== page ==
Broadneck football coach Rob Harris took the ALS Ice Bucket Challenge twice. He's not on Facebook and didn't have proof of the first dousing, so he had ice water poured over his head a second time. That didn't bother him. Harris would take a few more ice water showers if it would raise additional money for research into the neurodegenerative disease at the heart of the challenge, a social media fundraising wave that has swept the country this month. Harris has a personal connection to ALS. His wife Sarah's uncle, Johnny O'Brien, a former Severna Park football player, was 56 when he died in January of the condition widely known as Lou Gehrig's disease.
NEWS
Thomas F. Schaller | August 19, 2014
Two recent major developments may revolutionize major college sports, potentially to the benefit of long-exploited college athletes. It's about time. On August 7 the National Collegiate Athletic Association decreed that the five major conferences - the University of Maryland's former and new conferences, the ACC and the Big Ten; plus the Big 12, PAC-12 and the SEC - shall have greater autonomy to develop policies that specifically meet their needs. Experts believe the five conferences' 65 member universities could, among other changes, begin to pay annual stipends for student-athletes and cover their tuition and other scholastic costs after their eligibility has expired.
SPORTS
By Don Markus and The Baltimore Sun | August 19, 2014
Maryland men's soccer coach Sasho Cirovski has seen more than a dozen of his players leave school early to pursue professional careers. The departures have often left Cirovski to wonder whether his former athletes would eventually come back to finish their undergraduate degrees. With a new program announced Tuesday by Maryland athletic director Kevin Anderson, athletes in all of the school's sports will be able to return with their scholarships intact as long as they left the university in good academic and social standing.
SPORTS
By Eduardo A. Encina and The Baltimore Sun | July 19, 2014
OAKLAND, Calif. - Orioles closer Zach Britton hadn't allowed a run over his previous 10 outings heading into the ninth inning of Friday night's series opener against the Oakland Athletics, converting six straight save opportunities along the way. Britton had slid into the role of closer nicely in the first half of the season, but in his first appearance since the All-Star break, a save opportunity turned into a disaster in just six pitches....
SPORTS
By Eduardo A. Encina, The Baltimore Sun | July 19, 2014
Before Friday night's game against the Oakland Athletics, Orioles manager Buck Showalter talked about how difficult it is to get a reliever back into a routine after the All-Star break. “It's always a tough time because you have bullpen guys who have had six, seven days off, and you're trying to get everybody back in the flow,” Showalter said. “It's hard. You don't even have this in the start of the season because you try to make sure everybody's got a couple days off, but not too many days off. This is always a tough time for bullpens around baseball, getting them in the flow.
NEWS
BiJoe Burris | July 18, 2014
Anne Arundel Community College sophomore volleyball player Cynthia Jones of Gambrills won the National Junior College Athletic Association's Pinnacle Award for Academic Excellence with a 4.0 (out of 4) grade-point average, school officials said. Jones is among six AACC student athletes named to the national academic team. The other five athletes earned awards for Superior Academic Achievement: sophonore soccer goalkeeper Chellsea Clark-Ames of Pasadena, freshman volleyball player Caitlin Dea of Pasadena, sophomore lacrosse pleyer Olivia Pittman of Annapolis, sophomore softball player Erica Toth of Arnold and freshman cross country runner Kelsey Wagner of Shady Side.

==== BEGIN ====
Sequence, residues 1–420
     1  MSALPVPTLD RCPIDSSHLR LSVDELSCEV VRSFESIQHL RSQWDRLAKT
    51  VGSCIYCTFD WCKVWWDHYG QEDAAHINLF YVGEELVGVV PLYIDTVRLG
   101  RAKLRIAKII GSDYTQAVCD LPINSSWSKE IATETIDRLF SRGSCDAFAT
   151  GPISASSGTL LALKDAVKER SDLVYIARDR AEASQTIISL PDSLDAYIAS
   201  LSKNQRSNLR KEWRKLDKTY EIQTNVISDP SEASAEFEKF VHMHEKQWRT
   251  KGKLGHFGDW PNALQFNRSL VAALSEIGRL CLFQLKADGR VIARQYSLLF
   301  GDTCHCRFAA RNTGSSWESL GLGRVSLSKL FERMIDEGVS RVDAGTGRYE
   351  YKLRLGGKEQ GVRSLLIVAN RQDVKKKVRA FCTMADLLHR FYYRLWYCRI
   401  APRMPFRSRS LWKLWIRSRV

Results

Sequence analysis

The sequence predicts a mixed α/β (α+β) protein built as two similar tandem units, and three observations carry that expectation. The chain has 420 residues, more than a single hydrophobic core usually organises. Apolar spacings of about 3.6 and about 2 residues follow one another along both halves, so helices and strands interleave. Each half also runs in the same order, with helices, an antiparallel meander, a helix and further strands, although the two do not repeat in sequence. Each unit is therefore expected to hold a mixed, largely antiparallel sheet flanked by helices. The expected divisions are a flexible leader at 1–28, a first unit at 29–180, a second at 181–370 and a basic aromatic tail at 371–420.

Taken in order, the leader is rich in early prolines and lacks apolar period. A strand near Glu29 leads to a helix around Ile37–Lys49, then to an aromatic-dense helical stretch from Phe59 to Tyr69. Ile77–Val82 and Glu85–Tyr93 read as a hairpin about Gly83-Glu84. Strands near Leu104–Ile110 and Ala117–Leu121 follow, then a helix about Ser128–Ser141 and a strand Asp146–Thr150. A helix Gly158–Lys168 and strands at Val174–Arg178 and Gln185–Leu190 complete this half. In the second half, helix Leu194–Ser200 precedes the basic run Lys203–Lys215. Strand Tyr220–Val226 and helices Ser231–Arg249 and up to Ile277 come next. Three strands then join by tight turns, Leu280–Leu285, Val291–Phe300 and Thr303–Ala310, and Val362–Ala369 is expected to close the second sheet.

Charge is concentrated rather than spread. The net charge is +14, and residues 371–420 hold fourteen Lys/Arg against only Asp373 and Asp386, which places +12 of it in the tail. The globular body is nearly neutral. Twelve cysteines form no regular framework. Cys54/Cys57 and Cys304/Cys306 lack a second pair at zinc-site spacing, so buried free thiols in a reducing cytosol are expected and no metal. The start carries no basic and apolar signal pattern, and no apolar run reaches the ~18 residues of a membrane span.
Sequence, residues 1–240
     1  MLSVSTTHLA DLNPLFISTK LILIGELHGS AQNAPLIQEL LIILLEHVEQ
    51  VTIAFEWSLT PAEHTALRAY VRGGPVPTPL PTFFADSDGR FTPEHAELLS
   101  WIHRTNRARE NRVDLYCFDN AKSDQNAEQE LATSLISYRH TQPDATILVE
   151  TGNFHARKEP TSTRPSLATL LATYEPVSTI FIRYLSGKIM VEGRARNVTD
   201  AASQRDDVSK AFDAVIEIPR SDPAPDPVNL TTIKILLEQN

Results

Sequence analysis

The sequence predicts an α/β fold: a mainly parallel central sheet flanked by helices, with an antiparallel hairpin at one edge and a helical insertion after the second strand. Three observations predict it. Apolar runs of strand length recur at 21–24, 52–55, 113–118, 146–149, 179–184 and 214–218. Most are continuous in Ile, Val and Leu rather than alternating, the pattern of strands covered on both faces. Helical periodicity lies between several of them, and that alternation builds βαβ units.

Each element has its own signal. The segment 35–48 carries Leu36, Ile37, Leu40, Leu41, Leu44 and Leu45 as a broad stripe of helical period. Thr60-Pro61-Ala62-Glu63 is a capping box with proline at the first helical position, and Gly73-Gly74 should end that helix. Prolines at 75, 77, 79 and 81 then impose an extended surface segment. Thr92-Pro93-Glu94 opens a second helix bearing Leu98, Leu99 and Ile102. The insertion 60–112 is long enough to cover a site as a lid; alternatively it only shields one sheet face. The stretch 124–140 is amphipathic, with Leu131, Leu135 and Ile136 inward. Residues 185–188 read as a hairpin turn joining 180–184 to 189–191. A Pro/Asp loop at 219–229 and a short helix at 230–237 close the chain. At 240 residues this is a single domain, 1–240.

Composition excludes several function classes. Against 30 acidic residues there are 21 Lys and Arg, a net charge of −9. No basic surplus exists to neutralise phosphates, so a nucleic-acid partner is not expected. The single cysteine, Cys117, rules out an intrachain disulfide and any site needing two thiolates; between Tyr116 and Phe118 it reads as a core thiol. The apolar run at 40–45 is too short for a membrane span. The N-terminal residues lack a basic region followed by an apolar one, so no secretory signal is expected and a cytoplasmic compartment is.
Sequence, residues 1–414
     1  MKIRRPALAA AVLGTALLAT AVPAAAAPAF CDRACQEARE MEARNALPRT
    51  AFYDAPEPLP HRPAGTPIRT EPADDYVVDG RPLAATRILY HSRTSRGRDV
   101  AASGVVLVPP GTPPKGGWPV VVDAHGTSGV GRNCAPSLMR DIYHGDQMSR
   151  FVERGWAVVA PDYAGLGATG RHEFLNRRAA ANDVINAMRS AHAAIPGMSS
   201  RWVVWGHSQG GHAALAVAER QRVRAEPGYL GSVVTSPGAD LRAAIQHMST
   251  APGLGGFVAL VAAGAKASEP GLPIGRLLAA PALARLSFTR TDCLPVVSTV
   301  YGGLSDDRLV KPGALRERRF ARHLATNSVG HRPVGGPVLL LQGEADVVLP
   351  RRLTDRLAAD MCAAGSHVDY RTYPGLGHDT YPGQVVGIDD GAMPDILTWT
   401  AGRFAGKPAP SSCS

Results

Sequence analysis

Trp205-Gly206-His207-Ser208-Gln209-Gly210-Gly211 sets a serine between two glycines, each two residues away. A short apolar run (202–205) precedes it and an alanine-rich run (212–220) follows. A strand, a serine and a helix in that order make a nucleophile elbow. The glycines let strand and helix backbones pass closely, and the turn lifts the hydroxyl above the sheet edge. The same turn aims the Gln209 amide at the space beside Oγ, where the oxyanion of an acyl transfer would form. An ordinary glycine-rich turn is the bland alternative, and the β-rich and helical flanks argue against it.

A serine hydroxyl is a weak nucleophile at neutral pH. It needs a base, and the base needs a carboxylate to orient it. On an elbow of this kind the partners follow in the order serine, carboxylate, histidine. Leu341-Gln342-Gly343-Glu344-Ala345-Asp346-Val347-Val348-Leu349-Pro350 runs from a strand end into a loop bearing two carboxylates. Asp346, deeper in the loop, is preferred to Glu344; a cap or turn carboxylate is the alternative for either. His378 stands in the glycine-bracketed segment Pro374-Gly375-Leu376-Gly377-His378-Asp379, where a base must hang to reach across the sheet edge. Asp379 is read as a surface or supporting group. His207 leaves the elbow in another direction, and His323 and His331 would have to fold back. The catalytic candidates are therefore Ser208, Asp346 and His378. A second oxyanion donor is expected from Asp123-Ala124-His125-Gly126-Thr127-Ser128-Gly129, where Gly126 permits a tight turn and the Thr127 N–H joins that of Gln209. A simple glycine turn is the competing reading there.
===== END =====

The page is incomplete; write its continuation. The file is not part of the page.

SPORTS
By Kevin Cowherd | February 8, 2011
Well, that one struck a nerve. Write a column listing the coolest athletes ever to play in Maryland and you expect to get reaction. Oh, did I get reaction. My in-box blew up. I got phone calls. A guy cornered me at the 7-Eleven and said: "Two words: No Rick Dempsey?" "That's three words," I said. "And how did you get past my security detail?" Then I remembered I didn't have a security detail. But back to the list, which appeared in Thursday's column and was a direct rip-off of GQ magazine's list of 25 all-time coolest athletes.
BUSINESS
Lorraine Mirabella | January 16, 2014
Under Armour will outfit all Naval Academy varsity teams starting in the 2014-2015 season, the Baltimore-based sports brand announced Thursday. The agreement with the Naval Academy Athletic Association, which makes Under Armour official outfitter of all 33 men's and women's teams, also includes marketing and promotional opportunities. The affiliation is Under Armour's 12th Division 1 all-school partnership. "Under Armour is extremely proud to outfit the outstanding men and women who not only represent our home state of Maryland but also uphold the highest standards of the true student-athlete," Matt Mirchin, Under Armour executive vice president of global marketing, said in the announcement.
FEATURES
By Julie Scharper, The Baltimore Sun | July 18, 2014
Lauren Cox, the wife of Ravens long snapper Morgan Cox, was not amused by Drake's song about cheating athletes at the ESPYs this week. Cox wrote a rambling blog post Thursday titled " Drake, take your 'side pieces' and shove it " -- a sharp contrast to her other posts, which usually discuss Bible verses. It's a little hard to parse Cox's writing, but apparently she was incensed that the event celebrated Michael Sam coming out as the first openly gay current NFL player while Drake's performance made light of athletes' infidelities.
SPORTS
By Don Markus and The Baltimore Sun | July 16, 2014
Since a memorial service at a sweltering, standing-room only Cole Field House was held a few days after Len Bias' death in June 1986, there has been little official connection between the former basketball All-American and the University of Maryland. But nearly three decades after his fatal cocaine overdose, and the fallout that led to significant changes at the school, Bias will formally be recognized by Maryland when he is inducted posthumously into the Terps' athletics Hall of Fame.